By Christian Viveros-Fauné
By Miriam Felton-Dansky
By Tom Sellar
By Tom Sellar
By Jessica Dawson
By Tom Sellar
By R. C. Baker
By Tom Sellar
Banksy typically shuns galleries and traditional venues, displaying his work instead in skid row alleys and various off-the-map locales. He has, however, profited handsomely from his art in the past. Celebrities—most notably Brad Pitt and Angelina Jolie—have paid millions for it, a fact that's at odds with the creator's guerrilla ethos. (Before launching "Better Out Than In," Banksy's website featured an FAQ with the question "Why are you such a sell out?" followed by the answer "I wish I had a pound for every time someone asked me that.") His works are generally intended for public display, but they have occasionally been carved out of entire concrete walls and sold at auction.
The disconnect isn't lost on the artist. He says he "made a mistake" during his last show in New York, a 2008 installation at a storefront in the West Village that featured a variety of satirical animal creations, including hot dogs lounging under heat lamps in glass cages near a phony cash register. He hired a billboard company to paint four murals to promote the fake store.
"I totally overlooked how important it was to do it myself," the artist says. "Graffiti is an art form where the gesture is at least as important as the result, if not more so. I read how a critic described Jackson Pollock as a performance artist who happened to use paint, and the same could be said for graffiti writers—performance artists who happen to use paint. And trespass."
Banksy also reveals concerns about his ongoing struggle to strike a balance between commercial success and artistic integrity. He hints at the possibility of abandoning galleries entirely and permanently returning to his roots as a street artist.
"I started painting on the street because it was the only venue that would give me a show," he writes. "Now I have to keep painting on the street to prove to myself it wasn't a cynical plan. Plus it saves money on having to buy canvases.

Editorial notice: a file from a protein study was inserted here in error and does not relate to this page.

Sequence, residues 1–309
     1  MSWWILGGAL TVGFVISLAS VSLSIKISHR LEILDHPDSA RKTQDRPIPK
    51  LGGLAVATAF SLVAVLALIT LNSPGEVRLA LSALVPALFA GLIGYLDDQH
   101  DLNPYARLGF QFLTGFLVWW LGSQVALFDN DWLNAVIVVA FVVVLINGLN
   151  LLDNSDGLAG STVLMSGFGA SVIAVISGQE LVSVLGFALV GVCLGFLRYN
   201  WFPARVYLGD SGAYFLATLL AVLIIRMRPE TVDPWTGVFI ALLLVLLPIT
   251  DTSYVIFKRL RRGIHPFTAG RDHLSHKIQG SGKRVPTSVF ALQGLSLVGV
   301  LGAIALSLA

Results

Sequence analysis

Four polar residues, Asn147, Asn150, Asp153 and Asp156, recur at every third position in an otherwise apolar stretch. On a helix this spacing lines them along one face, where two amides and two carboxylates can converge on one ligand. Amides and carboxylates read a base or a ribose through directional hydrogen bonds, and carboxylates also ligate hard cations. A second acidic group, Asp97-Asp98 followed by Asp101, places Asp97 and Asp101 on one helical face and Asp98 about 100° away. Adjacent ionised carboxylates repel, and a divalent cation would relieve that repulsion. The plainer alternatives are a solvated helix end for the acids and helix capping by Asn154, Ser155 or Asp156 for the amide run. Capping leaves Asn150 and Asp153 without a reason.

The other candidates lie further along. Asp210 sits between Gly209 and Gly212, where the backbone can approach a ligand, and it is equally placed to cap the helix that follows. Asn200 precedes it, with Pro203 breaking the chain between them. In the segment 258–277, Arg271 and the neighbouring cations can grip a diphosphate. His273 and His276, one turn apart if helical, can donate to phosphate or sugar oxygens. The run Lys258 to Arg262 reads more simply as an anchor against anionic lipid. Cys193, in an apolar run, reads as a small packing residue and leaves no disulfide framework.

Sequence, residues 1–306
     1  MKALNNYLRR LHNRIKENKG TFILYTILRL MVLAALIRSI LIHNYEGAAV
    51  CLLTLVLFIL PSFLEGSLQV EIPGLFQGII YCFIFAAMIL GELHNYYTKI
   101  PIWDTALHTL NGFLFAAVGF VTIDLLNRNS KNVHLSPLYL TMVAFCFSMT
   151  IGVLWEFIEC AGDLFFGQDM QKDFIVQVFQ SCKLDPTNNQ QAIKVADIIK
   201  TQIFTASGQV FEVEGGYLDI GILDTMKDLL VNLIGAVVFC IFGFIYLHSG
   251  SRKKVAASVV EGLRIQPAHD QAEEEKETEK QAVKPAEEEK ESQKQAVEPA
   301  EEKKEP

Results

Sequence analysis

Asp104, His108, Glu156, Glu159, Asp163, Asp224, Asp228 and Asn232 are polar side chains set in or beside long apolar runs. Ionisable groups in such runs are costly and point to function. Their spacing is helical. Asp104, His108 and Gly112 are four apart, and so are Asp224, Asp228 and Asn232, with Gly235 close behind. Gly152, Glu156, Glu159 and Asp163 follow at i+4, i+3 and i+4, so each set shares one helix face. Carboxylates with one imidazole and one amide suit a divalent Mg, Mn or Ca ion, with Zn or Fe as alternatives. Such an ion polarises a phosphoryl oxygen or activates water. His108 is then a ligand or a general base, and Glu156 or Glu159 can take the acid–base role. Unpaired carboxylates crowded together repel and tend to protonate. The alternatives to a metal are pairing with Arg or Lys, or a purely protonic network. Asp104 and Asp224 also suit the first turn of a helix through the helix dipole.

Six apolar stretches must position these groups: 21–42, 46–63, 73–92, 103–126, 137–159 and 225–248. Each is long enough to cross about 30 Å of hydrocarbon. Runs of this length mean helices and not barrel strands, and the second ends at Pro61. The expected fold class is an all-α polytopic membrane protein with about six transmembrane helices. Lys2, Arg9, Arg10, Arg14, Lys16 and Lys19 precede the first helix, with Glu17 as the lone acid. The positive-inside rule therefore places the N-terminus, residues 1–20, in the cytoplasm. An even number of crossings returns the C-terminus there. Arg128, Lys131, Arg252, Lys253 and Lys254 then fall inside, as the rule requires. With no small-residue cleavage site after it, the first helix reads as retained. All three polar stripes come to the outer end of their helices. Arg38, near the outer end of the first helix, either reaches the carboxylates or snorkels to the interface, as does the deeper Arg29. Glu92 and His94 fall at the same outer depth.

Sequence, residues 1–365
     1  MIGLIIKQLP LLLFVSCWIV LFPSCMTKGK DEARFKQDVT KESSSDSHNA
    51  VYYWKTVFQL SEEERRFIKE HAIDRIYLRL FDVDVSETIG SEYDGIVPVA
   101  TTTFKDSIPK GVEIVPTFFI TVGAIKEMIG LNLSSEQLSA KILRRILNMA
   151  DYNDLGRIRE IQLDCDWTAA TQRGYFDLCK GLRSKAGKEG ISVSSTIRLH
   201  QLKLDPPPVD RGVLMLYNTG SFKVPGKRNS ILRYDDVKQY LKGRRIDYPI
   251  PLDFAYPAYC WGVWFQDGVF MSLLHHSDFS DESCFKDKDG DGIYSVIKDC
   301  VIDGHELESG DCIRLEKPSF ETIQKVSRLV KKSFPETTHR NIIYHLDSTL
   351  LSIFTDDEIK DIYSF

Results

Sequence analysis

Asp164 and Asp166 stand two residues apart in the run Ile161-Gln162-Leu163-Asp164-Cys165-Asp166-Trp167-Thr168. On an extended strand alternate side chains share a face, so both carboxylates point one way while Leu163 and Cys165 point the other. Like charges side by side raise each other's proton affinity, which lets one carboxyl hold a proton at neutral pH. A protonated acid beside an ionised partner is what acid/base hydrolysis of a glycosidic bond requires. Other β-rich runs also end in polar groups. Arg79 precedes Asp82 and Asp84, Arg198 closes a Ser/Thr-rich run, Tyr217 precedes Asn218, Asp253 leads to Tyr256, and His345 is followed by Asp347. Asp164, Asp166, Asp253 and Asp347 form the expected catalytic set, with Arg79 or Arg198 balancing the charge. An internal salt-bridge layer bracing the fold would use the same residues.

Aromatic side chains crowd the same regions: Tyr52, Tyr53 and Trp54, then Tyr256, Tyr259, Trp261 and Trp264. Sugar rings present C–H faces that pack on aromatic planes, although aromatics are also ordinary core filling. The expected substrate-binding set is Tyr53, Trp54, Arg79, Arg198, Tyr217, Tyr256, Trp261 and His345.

"But there's no way round it—commercial success is a mark of failure for a graffiti artist. We're not supposed to be embraced in that way. When you look at how society rewards so many of the wrong people, it's hard not to view financial reimbursement as a badge of self-serving mediocrity."
He realizes, though, that his early triumphs and the resulting bounty put him in a unique position to dictate how his work is displayed. Starving artists aren't afforded the same luxury.
"Obviously people need to get paid—otherwise you'd only get vandalism made by part-timers and trust-fund kids," Banksy says. "But it's complicated, it feels like as soon as you profit from an image you've put on the street, it magically transforms that piece into advertising. When graffiti isn't criminal, it loses most of its innocence."
"It seems to me the best way to make money out of art is not to even try," he adds in a subsequent exchange. "It doesn't take much to be a successful artist—all you need to do is dedicate your entire life to it. The thing people most admired about Picasso wasn't his work/life balance."
Of course, for Banksy, the concept of devoting one's entire life to his art takes on an added layer of meaning.
Does the burden of all the cloak-and-dagger shit ever seem like too much to carry?
Did you ever envision it going on this long without cracking somewhere?
Has it gotten easier to operate this way, or harder?
How many people can you trust?
How do you decide?
At press time, the Voice was still waiting for answers to those questions (to name just a few).
A secretive persona and self-perpetuated anonymity are now part of the package—an element that has become increasingly improbable with the passage of time, especially in light of recent National Security Administration spying revelations and the ongoing debate over online privacy. Trumpeting his presence in New York and producing new works daily on the streets poses a daunting challenge to Banksy's incognito act, but, he says, the prospect of cementing his legacy in the city proved too tempting to resist.
"New York calls to graffiti writers like a dirty old lighthouse. We all want to prove ourselves here," Banksy writes. "I chose it for the high foot traffic and the amount of hiding places. Maybe I should be somewhere more relevant, like Beijing or Moscow, but the pizza isn't as good."